All week, the anticipation of the North v South match has been building. Player’s have been flying the colours of the province where they made their debut in first-class rugby.
It is still a conversation but, the All Blacks selectors chose that criteria, and the players have accepted it. On Saturday night in Wellington, the men representing each island of New Zealand, will set out to show that they are the best in their position.
That pits Richie Mo’unga up against Beauden Barrett. Patrick Tuipulotu captains the North, facing his World Cup teammate Sam Whitelock [leading the South]. And TJ Perenara faces off with Brad Weber.
👀 ICYMI | Here are your teams for the Steinlager #NorthvSouth clash this Saturday.
— All Blacks (@AllBlacks) September 3, 2020
The two line-ups give fans the first taste of rugby at the elite level – with no International test matches, it is ‘as good as it gets’.
(Note: due to Covid-19 restrictions, Sky Stadium will not have fans in attendance)
Flying their Provincial Colours: North v South teams
With the sides selected, on Friday the captains run for each group is the final chance to set out their objectives. While it is a ‘mate against mate’ situation, knowing your opposition so well is a considerable advantage. John Plumtree has coached many of the players he leads, as has Brad Mooar.
So familiarity between the players is a massive benefit, and a drawback.
The South team is filled with many leading names from the Crusaders – as it should. The Super Rugby Aotearoa title holders are the form players. The North v South match is recognition of your position, and even while Rieko Ioane may relish his opportunity at center for the North, it is the combination of him with Anton Lienert-Brown that is the test. Not his match-up with Braydon Ennor alone.
Connections between the groups are how the coaches see it. How the Hurricanes players combine with the Blues. In the back row, Ardie Savea gets his run at number 7 while the Blues duo of Akira Ioane and new boy, Hoskins Sotutu look to carry on their connection from Super Rugby.
— Stuff.co.nz Sport (@NZStuffSport) September 3, 2020
Savea had started to look at home in the eight jersey, yet selection at openside is something Plumtree knows the strong Hurricane can achieve. “We all know Ardie is a special player and either position he’s pretty comfortable.”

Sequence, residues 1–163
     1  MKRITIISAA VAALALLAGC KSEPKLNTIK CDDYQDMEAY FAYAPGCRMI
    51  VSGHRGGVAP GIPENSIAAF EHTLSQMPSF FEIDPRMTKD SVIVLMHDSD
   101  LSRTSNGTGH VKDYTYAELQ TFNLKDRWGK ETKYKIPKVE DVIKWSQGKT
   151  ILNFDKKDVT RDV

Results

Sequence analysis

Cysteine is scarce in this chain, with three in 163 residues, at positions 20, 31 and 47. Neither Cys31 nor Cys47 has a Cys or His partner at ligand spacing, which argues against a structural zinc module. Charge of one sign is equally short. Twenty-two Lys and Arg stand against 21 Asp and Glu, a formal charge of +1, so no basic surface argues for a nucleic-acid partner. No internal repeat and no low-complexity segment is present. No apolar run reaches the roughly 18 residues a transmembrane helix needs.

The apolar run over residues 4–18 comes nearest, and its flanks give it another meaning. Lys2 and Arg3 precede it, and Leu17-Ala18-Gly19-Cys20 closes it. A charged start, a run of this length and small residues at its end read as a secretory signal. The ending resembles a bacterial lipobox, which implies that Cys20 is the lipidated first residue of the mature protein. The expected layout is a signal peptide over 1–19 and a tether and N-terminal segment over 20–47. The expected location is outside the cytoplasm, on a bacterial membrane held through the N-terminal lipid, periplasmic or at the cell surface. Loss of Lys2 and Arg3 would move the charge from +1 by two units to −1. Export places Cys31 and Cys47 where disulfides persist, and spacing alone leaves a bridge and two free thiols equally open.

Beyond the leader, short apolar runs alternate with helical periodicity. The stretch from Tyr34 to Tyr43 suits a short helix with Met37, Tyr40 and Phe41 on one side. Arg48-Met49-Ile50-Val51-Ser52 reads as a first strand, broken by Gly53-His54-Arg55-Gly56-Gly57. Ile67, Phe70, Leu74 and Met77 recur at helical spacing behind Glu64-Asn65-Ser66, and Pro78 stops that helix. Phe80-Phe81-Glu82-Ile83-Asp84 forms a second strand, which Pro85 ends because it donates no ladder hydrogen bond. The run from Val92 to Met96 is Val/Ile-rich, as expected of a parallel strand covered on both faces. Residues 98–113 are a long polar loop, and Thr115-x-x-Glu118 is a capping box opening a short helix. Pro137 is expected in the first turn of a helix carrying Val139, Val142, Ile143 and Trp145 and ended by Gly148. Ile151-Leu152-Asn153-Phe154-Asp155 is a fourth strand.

Yet knowing your opposition is of great benefit too. The front rows will have stood opposite and beside their opponents. It will make for a fierce contest, with the techniques in the scrum being judged on pressure, as much as combined strength.
All Blacks coach’s looking at every variable
“This is not an All Black trial. Everyone might be seeing it that way, and maybe in the old days they saw it as an All Black trial,” Plumtree said.
“These boys have come together to win a trophy and we’ve got the luxury of sitting back and watching them go. We’ve already seen them go for 10 rounds of derby games. This game is about them and New Zealand enjoying the talent we’ve got in this country.”
And enjoying it is what fans will want. They might like to see a ‘festival of footy’ yet, the strict controls will limit the opportunities for loosehead props to chip-and-chase the ball. Expect a grounding in true NZ Rugby basics first and foremost.
What you will see, is a wide group of men from different provinces, joining collectively. It will be ‘as close as it gets’ to the All Blacks (with International rugby still set on hold).
With excitement machines like Will Jordan and Caleb Clark on the wings, natural enthusiasm and giving player’s their time to shine is one factor. Substitutes might enter as early as the 50th minute; which is not to say the replaced man is not playing well. It is all about balancing the needs of the game vs those of the national selector’s vision.
In a North v South match, it is about tradition, provincial pride, and coming together as a group. Challenge the opposition, then shake hands, and await the All Blacks squad announcement on Sunday.
North v South – Saturday, September 5. 7:10pm, Wellington
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